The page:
By Jan Foulke

Q: My aunt left me this doll. I always admired it when I visited her house. She told me about it, but all I re­member is that she said it was French. There are no markings on the head except the number 11. I would like to know the maker and age. This is my first antique doll, and I am so excited to own her.

A: You are fortunate to have been left such a wonderful doll! Although there are no marks, to the practiced eye, it was clearly made by the Jumeau fac­tory in Paris, France. Jumeau faces are quite distinctive, with heavy eyebrows, large lu­minous paperweight eyes, lush eyelashes, and upper lips with turned-up corners. As you study more antique doll faces, you will learn to recognize them, too.

Jumeau dolls are favorites with collec­tors, and many have to save up their doll money before they can actually buy one. Jumeaux were made as early as the 1860s, but the first dolls were ladies or fashion dolls (poupées). 1877 to 1878 was an im­portant time for Jumeau because they in­troduced the child dolls (bebés) with fully articulated wood and composition bodies. This was a totally new concept in the whole doll industry. These new doll designs were presented at the 1878 Universal Exhibition where Jumeau was awarded the Medaille d’Or (Gold Medal), the highest possible recognition.

24-inch “Tête Jumeau” with closed mouth. Courtesy of Foulke Archives

The new child design was also well-received by the public, and little girls were thrilled to have a play doll proportioned like themselves — looking at it another way, a doll which they could mother. Such had been lacking in the French industry. Not only did the doll face have the look of a child, the body was also chunky yet graceful. Unlike the bodies of the lady dolls, which were nearly all leather with gusseted joints, the new doll had a fully articulated body, which made it easier to dress and undress. Also, the ball joints allowed the body to be maneuvered and posed in many positions. The new designs became so popular that they were copied by all of the French and German dollmakers, ush­ering in a new generation of doll designs.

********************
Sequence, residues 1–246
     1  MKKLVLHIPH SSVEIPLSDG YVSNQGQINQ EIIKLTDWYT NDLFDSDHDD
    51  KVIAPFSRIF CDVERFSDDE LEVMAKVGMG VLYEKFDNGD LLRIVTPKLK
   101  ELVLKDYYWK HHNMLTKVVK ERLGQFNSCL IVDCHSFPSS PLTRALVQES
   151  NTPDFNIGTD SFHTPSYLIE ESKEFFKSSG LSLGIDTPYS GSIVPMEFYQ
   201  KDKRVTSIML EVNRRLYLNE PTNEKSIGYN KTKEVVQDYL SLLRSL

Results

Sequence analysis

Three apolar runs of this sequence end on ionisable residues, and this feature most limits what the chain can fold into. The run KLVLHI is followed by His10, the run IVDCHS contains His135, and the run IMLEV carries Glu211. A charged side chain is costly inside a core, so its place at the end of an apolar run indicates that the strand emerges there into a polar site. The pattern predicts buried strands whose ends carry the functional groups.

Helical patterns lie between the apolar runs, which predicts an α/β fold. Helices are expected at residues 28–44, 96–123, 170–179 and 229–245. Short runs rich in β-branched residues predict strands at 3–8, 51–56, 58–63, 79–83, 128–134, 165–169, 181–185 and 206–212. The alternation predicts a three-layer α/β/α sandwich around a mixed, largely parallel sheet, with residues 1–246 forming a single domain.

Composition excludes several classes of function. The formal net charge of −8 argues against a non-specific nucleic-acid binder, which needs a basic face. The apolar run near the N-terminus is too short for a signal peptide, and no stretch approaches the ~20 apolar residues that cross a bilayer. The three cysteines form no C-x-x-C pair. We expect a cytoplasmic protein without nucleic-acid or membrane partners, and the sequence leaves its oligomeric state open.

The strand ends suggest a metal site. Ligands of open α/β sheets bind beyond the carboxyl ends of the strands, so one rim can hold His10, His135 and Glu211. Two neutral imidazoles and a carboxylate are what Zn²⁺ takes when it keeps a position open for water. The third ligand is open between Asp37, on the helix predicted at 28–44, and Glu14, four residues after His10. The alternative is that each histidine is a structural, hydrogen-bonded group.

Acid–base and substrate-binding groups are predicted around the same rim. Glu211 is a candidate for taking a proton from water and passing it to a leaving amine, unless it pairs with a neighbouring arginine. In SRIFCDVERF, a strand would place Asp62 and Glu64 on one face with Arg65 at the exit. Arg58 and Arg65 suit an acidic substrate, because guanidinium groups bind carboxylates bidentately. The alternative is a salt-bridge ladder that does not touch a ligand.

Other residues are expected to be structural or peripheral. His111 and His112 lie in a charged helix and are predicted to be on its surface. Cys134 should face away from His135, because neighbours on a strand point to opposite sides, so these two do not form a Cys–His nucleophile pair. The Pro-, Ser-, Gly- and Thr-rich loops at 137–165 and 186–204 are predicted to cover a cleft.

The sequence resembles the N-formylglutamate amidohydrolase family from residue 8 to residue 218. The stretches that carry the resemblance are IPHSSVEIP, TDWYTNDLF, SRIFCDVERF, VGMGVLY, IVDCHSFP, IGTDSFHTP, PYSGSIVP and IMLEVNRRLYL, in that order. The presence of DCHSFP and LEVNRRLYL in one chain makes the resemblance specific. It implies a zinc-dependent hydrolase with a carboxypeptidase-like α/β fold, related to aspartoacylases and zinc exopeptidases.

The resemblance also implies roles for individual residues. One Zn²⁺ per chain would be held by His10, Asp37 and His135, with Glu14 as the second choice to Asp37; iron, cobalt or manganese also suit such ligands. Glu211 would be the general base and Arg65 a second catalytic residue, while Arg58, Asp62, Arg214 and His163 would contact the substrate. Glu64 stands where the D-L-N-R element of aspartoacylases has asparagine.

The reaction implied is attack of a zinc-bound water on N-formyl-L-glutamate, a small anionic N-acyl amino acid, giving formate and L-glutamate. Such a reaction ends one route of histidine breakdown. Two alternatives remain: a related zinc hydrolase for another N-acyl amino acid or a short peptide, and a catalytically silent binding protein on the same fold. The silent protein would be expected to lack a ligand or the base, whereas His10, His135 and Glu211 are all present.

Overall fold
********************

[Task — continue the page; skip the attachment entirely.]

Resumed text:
In the first few years, the Jumeau dolls went through quite a few changes in face and body designs. Your doll is from the “Tête Jumeau” period, which began around 1885-1886 and con­tinued until 1899, when Jumeau joined the SFBJ conglomerate and ceased to be a separate business. This was the longest and most prolific period of manufacture for Jumeau, making the “Têtes” the most easily found of the Jumeau dolls.

The earlier dolls have a closed mouth. By 1892, dolls were sculpted with an open mouth and teeth. Most Têtes are stamped in red on the backs of their heads with the mark “Déposé Tête Jumeau Bte SGDG” along with a size number, starting with 1 for a 10-inch doll. Your doll, as a size 11, would be about 24 inches tall. The body shown is the correct style for a Tête. Note the child proportions, the attached ball joints, and jointed wrists with dainty raised index fingers.

Sometimes genuine Jumeau dolls turn up with no marking on their heads, like yours. This is because the Jumeau porcelain factory could earn extra revenue by selling some of their heads to other dollmakers, and that is what they did. These produc­ers would not want the Jumeau name on their products, so the heads were not marked. Sometimes these other producers had Jumeau put their own special trademark on the heads, but not always.

Also, some Paris department stores had Jumeau make heads and sometimes even complete dolls for them, which they sold under their own names. Although these heads are not marked, some of them have what collectors call Jumeau checkmarks — usually in a red color. These were likely artist or quality-control marks, but they can help to verify the au­thenticity of an unmarked head.

For more information about Jumeau dolls, you can consult The Jumeau Book by François Theimer and Florence Theri­ault. Enjoy your new acquisition! May it be only the first of many wonderful an­tique dolls that you collect!

Jan Foulke (retired) is an authority on antique and vintage dolls, with over 40 years of experience in the field. She’s the author of the full-color reference book “Jan Foulke’s Guide to Dolls.” Subscribe now to read Foulke’s columns in DOLLS online archive of past issues!”